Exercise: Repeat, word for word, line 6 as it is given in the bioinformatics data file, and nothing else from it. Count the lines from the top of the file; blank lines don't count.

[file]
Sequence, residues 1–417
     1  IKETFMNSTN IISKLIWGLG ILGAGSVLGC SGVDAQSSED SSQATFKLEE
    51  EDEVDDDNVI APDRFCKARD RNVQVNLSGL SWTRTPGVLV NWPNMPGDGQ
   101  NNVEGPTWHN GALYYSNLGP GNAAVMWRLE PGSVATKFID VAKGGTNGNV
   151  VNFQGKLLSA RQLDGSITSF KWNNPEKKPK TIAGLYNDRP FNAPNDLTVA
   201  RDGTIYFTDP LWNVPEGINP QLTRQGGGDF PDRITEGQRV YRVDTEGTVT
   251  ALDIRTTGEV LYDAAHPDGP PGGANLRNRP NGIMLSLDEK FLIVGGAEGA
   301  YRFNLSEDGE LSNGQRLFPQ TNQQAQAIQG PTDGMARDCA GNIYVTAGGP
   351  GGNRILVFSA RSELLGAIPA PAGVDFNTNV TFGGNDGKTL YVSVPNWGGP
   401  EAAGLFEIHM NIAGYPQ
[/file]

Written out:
   201  RDGTIYFTDP LWNVPEGINP QLTRQGGGDF PDRITEGQRV YRVDTEGTVT